Obama’s provision of $54 billion in loan guarantees to the nuclear industry will cost Americans much more than the probable 50% default rate that the Congressional Budget Office anticipates. While the federal government will guarantee the profits of investors, rate payers will suffer the inevitable rate hikes.
Higher electric rates will appear, not when plants begin operating, but years, if not decades, before they come on line. Several states allow customers to be billed for expensive new nuclear plants in advance. Naturally, these are the states where the initial, new, entirely untested, plants are proposed for construction. This arrangement further reduces investor exposure to cost over-runs or rising interest rates that are imposed due to the downgrading of credit ratings for facilities with deteriorating economic prospects.
It should be noted, that relieving investors of exposure to risk results in the elimination of incentives for sound management.
Although ‘prudence’ on the part of utility managers is a legal requirement, once sunk costs are waiting to be recovered it becomes quite elastic. Good money is thrown after bad. Rate payers, whose dollars are committed , will have little to no oversight, or input, into the administration of their investment dollars.
The interest burden of the staggering sums of capital that are tied up for years, or decades, while problems arise with the ‘new generation plants’ will ultimately be borne by the rate payers.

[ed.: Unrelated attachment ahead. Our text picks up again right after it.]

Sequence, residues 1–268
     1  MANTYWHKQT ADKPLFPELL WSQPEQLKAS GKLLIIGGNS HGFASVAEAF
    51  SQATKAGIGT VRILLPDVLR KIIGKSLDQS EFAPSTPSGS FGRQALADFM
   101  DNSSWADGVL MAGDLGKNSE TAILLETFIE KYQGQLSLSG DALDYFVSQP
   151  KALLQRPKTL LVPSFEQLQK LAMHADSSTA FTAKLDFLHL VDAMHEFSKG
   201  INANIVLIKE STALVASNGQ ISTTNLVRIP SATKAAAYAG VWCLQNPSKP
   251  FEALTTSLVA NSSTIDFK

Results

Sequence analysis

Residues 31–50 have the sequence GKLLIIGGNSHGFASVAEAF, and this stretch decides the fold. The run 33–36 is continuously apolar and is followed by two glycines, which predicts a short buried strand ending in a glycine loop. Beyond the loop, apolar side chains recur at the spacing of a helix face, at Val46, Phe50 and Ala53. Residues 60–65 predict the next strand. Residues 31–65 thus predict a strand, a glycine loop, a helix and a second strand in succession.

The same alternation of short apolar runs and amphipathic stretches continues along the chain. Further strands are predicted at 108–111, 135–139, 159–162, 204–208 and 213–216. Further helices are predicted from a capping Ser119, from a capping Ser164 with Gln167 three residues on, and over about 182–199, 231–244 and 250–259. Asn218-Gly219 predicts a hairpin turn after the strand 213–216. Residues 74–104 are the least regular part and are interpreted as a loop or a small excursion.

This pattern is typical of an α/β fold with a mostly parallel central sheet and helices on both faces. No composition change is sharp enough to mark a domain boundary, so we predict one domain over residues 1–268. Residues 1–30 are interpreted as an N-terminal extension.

Two Florida Public Service commissioners, recently appointed by Republican Governor Charlie Crist (now a candidate for the US Senate), helped reject over a billion dollars in rate hikes demanded by Florida Power & Light and Progress Energy, both of which want to build double-reactors at ratepayer expense. The utilities now say they’ll postpone the projects proposed for Turkey Point and Levy County.
The Associated Press reports that Georgia Power customers will see $9/month billing increases for nuclear power plants that many of them won’t live to see completed. Once the utility is committed, costs escalate, doubling or tripling original projections.
A recent study by Craig A. Severance* puts the generation costs for nuclear power generation (based on the higher cost of current plant designs) at 25 to 30 cents per kilowatt-hour—more than triple present U.S. electricity rates. The study details the ruses that the nuclear industry employs in presenting fraudulent assertions of competitive pricing.
Public Citizen has collected state-by-state data from the U.S. Department of Energy. Using this data they find:
States that rely on nuclear power have significantly higher electricity rates than states that do not. In fact, our research shows that the higher the reliance on nuclear power, the higher the electric rates will be. That’s because nuclear power is significantly more expensive than coal or natural gas due to the higher capital, operation and maintenance costs necessary to protect Americans from radiation releases.
In the 20 non-nuclear states, the 1999 average cost of electricity was 5.52 cents per kilowatt/hour. The average cost of electricity in the 31 states that use nuclear power was 6.88 cents per kilowatt/hour. In other words, consumers in states that use nuclear power pay 25% more for their electricity than consumers in states that do not use nuclear power.